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[photo] The South Family Complex includes the large, well-preserved Dwelling House and adjacent Wash House
Photograph by B. Clouette, from the National Register of Historic Places collection

Established in the 1780s, Enfield was the only Shaker community established in Connecticut. Not to be confused with the well-known Enfield Shaker Historic District of New Hampshire, the Connecticut Enfield Shaker village was a community of around 150 individuals and three families. Of the almost 100 buildings once part of the village, only 15 now remain, the majority of which comprised the South Family complex, which still resembles a Shaker village with its tightly grouped buildings. The few buildings that remain from the Church and North Families reflect the variety of Shaker architecture found within a community. Most of the remaining buildings were built at Enfield's peak during the mid-19th century. Of these, arguably the most important building is the South Family's Dwelling House. Built in 1852, this three and one-half story brick dwelling is topped by a gable roof and a wooden belfry that houses a bronze bell cast in New York. While the first floor has been renovated and is currently being used as a private residence, the top floors remain virtually unaltered. The Shaker emphasis on equality but stringent separation of the sexes is readily apparent at Enfield. Entering through gender-specific doors and relegated to distinct sections of the building, the Shakers of Enfield, and indeed all other Shaker societies, designed their buildings to reflect the traditions by which they chose to live.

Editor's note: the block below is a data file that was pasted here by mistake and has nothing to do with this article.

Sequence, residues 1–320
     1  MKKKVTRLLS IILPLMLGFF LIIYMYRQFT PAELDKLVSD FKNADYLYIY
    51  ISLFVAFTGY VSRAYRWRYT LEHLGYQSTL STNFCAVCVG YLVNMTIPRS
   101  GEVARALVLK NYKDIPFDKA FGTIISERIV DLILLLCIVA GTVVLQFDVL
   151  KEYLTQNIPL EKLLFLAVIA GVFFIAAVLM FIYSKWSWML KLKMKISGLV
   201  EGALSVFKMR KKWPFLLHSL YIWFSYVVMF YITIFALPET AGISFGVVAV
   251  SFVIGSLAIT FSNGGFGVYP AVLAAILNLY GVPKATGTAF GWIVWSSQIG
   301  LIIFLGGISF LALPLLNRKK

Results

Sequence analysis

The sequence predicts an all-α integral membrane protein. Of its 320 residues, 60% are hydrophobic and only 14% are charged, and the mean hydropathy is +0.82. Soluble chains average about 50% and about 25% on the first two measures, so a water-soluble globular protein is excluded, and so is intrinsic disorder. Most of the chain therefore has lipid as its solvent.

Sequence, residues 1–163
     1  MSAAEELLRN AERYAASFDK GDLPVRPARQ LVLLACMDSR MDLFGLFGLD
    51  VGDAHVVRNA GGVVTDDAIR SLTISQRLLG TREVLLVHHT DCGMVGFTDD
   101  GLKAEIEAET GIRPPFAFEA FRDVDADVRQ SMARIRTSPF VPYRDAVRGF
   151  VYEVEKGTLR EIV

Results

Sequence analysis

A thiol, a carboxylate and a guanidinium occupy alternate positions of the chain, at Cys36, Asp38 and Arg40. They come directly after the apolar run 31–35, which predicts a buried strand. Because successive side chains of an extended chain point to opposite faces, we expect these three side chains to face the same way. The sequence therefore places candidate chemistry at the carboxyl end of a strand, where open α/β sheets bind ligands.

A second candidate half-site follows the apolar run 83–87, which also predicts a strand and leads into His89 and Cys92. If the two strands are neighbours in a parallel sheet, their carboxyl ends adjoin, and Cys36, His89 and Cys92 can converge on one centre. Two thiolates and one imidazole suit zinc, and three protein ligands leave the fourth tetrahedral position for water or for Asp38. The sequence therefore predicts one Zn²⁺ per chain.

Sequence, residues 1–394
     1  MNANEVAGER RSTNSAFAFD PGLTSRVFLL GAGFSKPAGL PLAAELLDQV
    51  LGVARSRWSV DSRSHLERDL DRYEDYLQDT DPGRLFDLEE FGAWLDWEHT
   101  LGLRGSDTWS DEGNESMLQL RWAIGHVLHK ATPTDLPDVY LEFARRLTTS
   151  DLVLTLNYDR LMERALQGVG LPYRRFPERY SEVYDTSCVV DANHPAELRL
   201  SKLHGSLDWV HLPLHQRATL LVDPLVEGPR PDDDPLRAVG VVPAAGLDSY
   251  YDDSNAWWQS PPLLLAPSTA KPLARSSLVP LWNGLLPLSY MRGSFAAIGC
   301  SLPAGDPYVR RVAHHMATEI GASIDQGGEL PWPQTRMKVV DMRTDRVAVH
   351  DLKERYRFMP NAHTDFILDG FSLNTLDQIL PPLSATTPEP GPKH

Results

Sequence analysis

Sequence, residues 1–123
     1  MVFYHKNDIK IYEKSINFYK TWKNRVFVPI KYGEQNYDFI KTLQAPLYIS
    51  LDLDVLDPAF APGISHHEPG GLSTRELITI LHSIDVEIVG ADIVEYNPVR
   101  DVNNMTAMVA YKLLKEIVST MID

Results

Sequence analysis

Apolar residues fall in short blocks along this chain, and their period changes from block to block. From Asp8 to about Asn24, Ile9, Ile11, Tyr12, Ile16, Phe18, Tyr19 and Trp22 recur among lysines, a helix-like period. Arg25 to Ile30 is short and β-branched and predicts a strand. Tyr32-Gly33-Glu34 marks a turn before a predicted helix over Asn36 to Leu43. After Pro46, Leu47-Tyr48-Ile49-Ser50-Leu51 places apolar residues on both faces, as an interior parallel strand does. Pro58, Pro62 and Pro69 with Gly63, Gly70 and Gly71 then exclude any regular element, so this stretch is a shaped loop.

1827 Meetinghouse, one of only two buildings that remain from the Church Family complex
Photograph by B. Clouette, from the National Register of Historic Places collection

All of the Enfield buildings exhibit the Shaker simplicity of repetitious facades, rectilinear motifs, and a tendency towards the austere. Typical of these traits is the 1827 Meetinghouse, once part of the Church Family complex. The clapboard building still retains its orignial rectangular form, regularly spaced openings, and minimal architectural details such as the simple pedimented roofs over the separate entrances. Another significant building at Enfield is the North Family Dairy. This small two-story clapboard building has been renovated since its construction in the mid-19th century; however, the exterior still reflects the simplicity of its Shaker design. The North Family Dairy produced 2000 pounds of butter and 2700 pounds of cheese in 1860. Enfield Shakers relied on their farms and gardens more than any other Shaker community, and today the dairy is a reflection of Enfield's agricultural-based economy. Abandoning the community in 1917, the Enfield Shakers left behind numerous buildings that would preserve their story for years to come.

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Enfield Shakers Historic District is located along Shaker, Taylor and Cybulski Rds. in Enfield, Connecticut. The buildings of the district are private residences and are not open to the public.


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